Residents on Myatts Field South estate are fighting Lambeth Council who want to replace their communal heating system with individual boilers. Several have been to court after refusing to let workers into their flats to install the new system against their will.
The residents lost access to the estate’s original communal boiler “submarine” after it was handed over to a controversial PFI (private finance initiative) redevelopment on the neighbouring estate, where hundreds of council homes have been demolished and more new properties, many for private sale, have been built. That area has been marketed as “Oval Quarter” – near all the attractions of the city and now private homes and shops are benefiting from the heating system that previously warmed Lambeth’s tenants.
The residents are worried that they will be faced with unaffordable bills, particularly as the homes on the estate are poorly insulated and many of the residents are elderly, disabled or have young children, so particularly need to keep their homes warm all year round. One of the early residents to get a boiler fitted was alarmed to discover that British Gas had underestimated her monthly payments and that she was £350 in debt. She is now worried about being able to pay her rent, and is scared to turn the heating on.
Myatts Field South has 313 homes. Two hundred and ninety residents signed a petition to Lambeth Council demanding a replacement communal heating system, but despite £4.5m being earmarked for it and a feasibility study stating that a new communal system would be cheaper in the long-run, Lambeth Council is pressing ahead with installing individual boilers, and through a combination of promises (new kitchens) and intimidation, have succeeded in installing quite a lot. The council originally said that with this option money could also be spent on insulation for people’s homes which would cut their bills. However, there is no sign of this happening.
Despite differences in the size of their households, their energy use, income, and whether they are tenants or leaseholders, residents are united in wanting the best for their estate. They are also furious at Lambeth, saying their views have been ignored and their choices over-ridden, money has disappeared without explanation, promises have been broken, safety has been compromised, and some tenants are now paying the price with rocketing bills and freezing homes. They also say many tenants ended up accepting individual boilers because the communal system has been allowed to decay through lack of maintenance, leading to frequent break-downs.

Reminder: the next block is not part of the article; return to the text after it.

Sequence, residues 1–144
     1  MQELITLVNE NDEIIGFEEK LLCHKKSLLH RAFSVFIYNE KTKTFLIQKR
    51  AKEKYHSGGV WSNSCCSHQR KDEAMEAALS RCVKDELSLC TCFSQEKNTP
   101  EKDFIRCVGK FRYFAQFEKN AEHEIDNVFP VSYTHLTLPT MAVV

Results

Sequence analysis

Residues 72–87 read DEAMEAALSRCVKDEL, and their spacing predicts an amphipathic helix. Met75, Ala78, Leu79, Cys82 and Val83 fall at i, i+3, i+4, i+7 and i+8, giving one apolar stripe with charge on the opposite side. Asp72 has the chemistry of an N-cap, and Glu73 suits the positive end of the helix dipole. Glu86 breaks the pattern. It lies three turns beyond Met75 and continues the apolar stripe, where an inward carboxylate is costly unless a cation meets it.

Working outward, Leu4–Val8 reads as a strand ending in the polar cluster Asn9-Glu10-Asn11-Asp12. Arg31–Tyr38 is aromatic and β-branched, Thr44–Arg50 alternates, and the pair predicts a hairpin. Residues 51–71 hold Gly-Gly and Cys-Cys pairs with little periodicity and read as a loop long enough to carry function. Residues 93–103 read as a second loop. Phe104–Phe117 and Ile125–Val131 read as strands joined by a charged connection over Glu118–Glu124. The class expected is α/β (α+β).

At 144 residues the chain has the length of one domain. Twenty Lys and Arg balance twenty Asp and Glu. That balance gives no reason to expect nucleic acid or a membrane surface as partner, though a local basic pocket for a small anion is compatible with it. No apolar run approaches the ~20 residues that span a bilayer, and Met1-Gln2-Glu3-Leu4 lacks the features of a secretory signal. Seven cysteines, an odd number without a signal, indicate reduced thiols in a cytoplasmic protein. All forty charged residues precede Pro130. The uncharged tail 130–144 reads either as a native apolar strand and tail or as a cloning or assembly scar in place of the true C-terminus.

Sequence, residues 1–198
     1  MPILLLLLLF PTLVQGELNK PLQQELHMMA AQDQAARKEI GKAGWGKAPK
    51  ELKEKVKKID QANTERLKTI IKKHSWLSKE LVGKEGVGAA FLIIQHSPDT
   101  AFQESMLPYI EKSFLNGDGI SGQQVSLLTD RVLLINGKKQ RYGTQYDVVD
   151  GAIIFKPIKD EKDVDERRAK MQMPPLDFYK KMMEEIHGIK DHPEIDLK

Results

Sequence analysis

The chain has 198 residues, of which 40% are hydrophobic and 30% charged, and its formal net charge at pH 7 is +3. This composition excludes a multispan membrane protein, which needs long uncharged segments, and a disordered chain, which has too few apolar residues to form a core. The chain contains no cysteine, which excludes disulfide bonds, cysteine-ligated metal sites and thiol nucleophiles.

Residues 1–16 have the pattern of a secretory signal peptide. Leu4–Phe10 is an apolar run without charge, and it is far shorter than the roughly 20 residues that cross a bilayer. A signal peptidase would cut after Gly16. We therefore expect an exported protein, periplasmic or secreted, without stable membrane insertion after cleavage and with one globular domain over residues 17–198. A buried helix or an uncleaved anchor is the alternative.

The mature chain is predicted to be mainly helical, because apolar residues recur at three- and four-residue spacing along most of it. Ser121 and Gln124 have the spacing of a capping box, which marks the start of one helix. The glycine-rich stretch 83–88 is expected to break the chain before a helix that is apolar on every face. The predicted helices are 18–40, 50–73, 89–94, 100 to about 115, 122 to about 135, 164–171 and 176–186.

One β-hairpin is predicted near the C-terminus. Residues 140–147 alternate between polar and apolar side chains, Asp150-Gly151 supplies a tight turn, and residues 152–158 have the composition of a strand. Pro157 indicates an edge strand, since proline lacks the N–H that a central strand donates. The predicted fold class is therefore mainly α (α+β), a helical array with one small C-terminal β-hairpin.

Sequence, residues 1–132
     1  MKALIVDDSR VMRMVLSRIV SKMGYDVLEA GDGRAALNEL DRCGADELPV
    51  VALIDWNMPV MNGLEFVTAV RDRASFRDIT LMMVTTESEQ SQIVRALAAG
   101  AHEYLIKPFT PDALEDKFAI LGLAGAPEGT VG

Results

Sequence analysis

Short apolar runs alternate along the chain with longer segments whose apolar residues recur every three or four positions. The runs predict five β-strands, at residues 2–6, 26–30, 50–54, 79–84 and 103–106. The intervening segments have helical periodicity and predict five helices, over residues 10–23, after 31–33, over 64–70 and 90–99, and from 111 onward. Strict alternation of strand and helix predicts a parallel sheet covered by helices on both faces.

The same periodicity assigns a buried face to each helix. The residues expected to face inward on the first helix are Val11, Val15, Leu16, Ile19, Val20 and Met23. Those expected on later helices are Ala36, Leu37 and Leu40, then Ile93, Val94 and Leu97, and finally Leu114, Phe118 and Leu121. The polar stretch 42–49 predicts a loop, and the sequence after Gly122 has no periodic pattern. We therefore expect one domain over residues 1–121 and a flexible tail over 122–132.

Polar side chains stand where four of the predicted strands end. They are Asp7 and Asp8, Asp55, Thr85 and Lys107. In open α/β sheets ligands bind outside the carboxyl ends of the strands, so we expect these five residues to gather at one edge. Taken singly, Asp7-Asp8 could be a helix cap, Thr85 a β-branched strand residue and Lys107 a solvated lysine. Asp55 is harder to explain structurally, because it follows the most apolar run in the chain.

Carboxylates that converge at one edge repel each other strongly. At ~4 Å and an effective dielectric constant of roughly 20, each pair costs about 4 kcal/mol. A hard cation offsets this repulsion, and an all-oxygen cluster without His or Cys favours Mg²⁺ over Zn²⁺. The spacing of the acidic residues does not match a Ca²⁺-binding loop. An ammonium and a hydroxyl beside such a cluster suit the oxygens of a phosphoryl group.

However, they believe there is the potential to make theirs a model estate, environmentally friendly and free of fuel poverty.
On 19 January a packed and lively meeting of the Tenants and Residents Association debated what to do about it. Most tenants want the old system restored and well maintained. But at a minimum they want work on installing new boilers stopped until certain conditions are met. They say the council must first
- Properly insulate everyone’s homes – including for leaseholders; install double glazing for those tenants who don’t have it already
- Provide everyone with the results of a comprehensive asbestos survey and safely remove asbestos where it is potentially dangerous – they are worried about this as they say, so far, both tenants and workers have been put at risk by work done without protection
- Install solar panels to minimise their electricity costs
- Explain where the £4.5m for the new communal heating went and how the Oval Quarter and Myatts Field North (who didn’t want it!) ended up with the submarine
- Make good on their commitment to ensure tenants don’t pay more if they use prepayment meters, with a card or a key.
- Reimburse any residents who have had to pay to have a gas supply installed in order to get a new boiler
- Allow people to have their flues in their roofs and provide carbon monoxide detectors
Myatts Field South tenants are being supported by Fuel Poverty Action and by Action on Energy, Brixton, and are actively seeking support and help from politicians, engineers, heating experts, asbestos experts, pensioners groups, and others. Get in touch if you’d like to be part of supporting residents determined to win a heating system that works for everyone!